© Submitted photo
The Burns family, from left, Kendall, Shelby, Wendy, Nathan, Mitchell and Mallory, will be participating in Sunday’s CIBC Run for the Cure this Sunday.
In one way or another, virtually every family has been touched by cancer. And every one of those families has a different story to tell.
Each family also has a different reason for making time to get involved in and support this weekend’s annual Canadian Breast Cancer Foundation CIBC Run for the Cure.
The Burns family of Freetown, Prince Edward Island, has farmed for seven generations. With deep roots in the community, they pride themselves in being compassionate, helpful and generous.
As egg farmers, they are also familiar with this annual fundraiser since the Egg Farmers of Canada is marking its third anniversary as the official nutritional partner for the run.
Three years ago Wendy signed up for the event through the Egg Farmers of Canada and fell in love with the experience.
“I had a great time. It was so much fun to have the kids at the finish line cheering me on.”
The following year, her four kids and her husband, Nathan, decided to participate and they’re doing it all again on Sunday.
“We feel it’s important to contribute wherever we can for different causes and this one is very important. It’s a nice feeling to look around and know everybody is there for the same reason.”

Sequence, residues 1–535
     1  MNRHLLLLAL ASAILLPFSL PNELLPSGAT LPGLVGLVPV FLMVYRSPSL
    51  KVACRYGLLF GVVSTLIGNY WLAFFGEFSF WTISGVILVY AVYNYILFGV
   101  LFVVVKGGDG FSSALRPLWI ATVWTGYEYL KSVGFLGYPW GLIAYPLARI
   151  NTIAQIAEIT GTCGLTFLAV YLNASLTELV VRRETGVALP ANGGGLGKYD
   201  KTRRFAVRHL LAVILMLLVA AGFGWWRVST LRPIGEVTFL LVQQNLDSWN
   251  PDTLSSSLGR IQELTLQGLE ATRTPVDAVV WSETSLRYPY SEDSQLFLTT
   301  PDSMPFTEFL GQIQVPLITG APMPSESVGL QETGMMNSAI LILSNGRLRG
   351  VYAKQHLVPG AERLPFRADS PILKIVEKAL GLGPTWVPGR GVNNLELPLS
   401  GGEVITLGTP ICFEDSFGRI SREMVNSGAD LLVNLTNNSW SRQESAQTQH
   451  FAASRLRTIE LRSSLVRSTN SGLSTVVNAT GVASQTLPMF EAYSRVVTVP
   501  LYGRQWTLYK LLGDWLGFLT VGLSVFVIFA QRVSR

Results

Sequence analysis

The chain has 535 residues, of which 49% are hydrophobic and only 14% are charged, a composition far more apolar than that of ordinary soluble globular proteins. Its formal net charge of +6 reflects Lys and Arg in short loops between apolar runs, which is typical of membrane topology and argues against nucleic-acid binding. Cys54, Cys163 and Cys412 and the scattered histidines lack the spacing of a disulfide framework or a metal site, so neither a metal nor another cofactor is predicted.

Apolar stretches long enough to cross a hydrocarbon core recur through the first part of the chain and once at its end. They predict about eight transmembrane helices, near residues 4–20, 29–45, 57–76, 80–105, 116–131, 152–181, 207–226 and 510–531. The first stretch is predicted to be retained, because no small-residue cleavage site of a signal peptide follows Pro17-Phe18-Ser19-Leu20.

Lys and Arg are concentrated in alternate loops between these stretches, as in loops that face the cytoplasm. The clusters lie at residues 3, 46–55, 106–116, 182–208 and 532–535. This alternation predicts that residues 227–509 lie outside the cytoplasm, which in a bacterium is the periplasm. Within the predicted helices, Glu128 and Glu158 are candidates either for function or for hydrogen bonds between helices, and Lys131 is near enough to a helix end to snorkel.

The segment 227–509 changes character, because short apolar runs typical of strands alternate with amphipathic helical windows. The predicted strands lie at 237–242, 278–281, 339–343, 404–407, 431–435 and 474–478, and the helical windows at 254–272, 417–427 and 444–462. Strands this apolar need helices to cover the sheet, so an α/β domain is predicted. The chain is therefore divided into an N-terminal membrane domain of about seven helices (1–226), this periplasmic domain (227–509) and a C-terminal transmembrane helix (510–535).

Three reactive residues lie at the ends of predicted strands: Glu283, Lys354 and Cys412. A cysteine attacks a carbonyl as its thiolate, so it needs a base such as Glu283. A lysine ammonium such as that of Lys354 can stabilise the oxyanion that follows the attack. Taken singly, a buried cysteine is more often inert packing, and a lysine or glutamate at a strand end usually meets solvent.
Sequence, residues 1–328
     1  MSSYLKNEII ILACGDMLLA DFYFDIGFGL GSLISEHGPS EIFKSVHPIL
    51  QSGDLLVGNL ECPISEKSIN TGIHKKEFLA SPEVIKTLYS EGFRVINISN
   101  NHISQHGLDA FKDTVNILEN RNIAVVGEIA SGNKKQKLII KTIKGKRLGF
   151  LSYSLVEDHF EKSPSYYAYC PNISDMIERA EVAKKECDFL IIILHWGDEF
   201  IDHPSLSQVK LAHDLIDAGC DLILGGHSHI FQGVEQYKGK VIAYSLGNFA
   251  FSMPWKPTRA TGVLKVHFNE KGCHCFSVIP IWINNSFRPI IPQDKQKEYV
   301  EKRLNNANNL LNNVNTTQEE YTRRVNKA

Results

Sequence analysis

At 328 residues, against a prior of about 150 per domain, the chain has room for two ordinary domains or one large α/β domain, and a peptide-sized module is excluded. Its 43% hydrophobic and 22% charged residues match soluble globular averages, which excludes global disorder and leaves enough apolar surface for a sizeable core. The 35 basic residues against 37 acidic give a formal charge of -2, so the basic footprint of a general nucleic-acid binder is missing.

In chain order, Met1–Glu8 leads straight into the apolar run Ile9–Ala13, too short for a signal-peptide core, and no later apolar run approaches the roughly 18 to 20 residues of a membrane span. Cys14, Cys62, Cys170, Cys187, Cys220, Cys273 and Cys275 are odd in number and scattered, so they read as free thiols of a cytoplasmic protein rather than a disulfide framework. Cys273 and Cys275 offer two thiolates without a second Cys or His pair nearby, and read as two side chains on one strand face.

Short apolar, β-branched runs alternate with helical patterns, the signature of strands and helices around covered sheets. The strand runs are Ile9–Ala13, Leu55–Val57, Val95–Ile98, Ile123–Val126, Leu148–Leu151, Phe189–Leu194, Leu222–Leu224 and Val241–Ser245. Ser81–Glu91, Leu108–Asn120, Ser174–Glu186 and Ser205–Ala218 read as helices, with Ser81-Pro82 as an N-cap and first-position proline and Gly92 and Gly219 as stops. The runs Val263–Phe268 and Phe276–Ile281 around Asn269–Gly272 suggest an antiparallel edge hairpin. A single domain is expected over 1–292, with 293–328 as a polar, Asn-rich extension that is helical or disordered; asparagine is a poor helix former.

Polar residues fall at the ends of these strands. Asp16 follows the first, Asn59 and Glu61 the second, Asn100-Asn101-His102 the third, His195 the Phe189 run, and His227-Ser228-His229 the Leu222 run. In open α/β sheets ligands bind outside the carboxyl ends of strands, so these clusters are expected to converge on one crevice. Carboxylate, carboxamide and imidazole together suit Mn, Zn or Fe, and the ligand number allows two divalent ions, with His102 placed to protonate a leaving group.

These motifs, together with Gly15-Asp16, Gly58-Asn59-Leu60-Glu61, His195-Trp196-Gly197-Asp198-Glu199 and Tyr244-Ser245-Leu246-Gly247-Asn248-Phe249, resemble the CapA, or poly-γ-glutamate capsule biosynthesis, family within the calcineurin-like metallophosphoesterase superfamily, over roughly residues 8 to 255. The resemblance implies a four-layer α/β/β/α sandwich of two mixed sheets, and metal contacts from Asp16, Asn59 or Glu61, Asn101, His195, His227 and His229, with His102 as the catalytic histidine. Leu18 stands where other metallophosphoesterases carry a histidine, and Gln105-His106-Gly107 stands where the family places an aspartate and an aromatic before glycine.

All of the family members are excited to be part of the experience of raising money to find a cure for cancer.
“We’re like every other Canadian, we want to support research into a disease that touches many people. We like to participate and be involved with our community members,” said Wendy Burns.
This same desire to reach out and do something has touched members of Joyce Perry’s family. She was diagnosed with breast cancer in March, and her grandson, Tyson Carter, will be running in the event for her.
The active 16-year-old has participated in several charitable events within the last three years and is not about to change anytime soon.
“He just loves to help people, always fundraising and giving back,” said his mother, Colleen Carter.
When the news came out about the diagnosis, Tyson’s bond grew stronger with his grandmother. In her bright spirited ways and positive attitude, she helped Tyson deal with the reality of cancer.
“They’re very close now,” Colleen said.
Tyson is doing everything in his power to make a difference, not because he has to or was asked to, but because he wants to.
And he’s well on his way. Besides running on Sunday, Tyson will be donating his hair to Locks of Love, after letting it grow since December.
“I’m so proud of my sons. I’ve worked so hard as a single mother to raise both my sons. To know he has so many great qualities that he’s taken from me and my family is encouraging,” she added.